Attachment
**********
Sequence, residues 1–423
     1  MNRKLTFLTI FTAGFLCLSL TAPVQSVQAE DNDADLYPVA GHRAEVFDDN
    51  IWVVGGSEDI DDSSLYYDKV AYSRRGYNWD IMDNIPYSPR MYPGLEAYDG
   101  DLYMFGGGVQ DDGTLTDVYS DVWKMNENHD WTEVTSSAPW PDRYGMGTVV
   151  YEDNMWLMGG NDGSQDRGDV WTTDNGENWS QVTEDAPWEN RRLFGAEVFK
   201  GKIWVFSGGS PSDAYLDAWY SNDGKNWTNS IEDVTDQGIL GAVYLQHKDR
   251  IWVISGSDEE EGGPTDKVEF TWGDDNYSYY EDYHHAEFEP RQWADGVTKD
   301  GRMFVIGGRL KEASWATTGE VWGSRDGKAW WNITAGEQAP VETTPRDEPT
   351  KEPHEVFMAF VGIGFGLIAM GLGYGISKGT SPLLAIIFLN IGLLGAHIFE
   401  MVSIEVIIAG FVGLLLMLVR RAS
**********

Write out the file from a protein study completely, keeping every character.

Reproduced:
Sequence, residues 1–423
     1  MNRKLTFLTI FTAGFLCLSL TAPVQSVQAE DNDADLYPVA GHRAEVFDDN
    51  IWVVGGSEDI DDSSLYYDKV AYSRRGYNWD IMDNIPYSPR MYPGLEAYDG
   101  DLYMFGGGVQ DDGTLTDVYS DVWKMNENHD WTEVTSSAPW PDRYGMGTVV
   151  YEDNMWLMGG NDGSQDRGDV WTTDNGENWS QVTEDAPWEN RRLFGAEVFK
   201  GKIWVFSGGS PSDAYLDAWY SNDGKNWTNS IEDVTDQGIL GAVYLQHKDR
   251  IWVISGSDEE EGGPTDKVEF TWGDDNYSYY EDYHHAEFEP RQWADGVTKD
   301  GRMFVIGGRL KEASWATTGE VWGSRDGKAW WNITAGEQAP VETTPRDEPT
   351  KEPHEVFMAF VGIGFGLIAM GLGYGISKGT SPLLAIIFLN IGLLGAHIFE
   401  MVSIEVIIAG FVGLLLMLVR RAS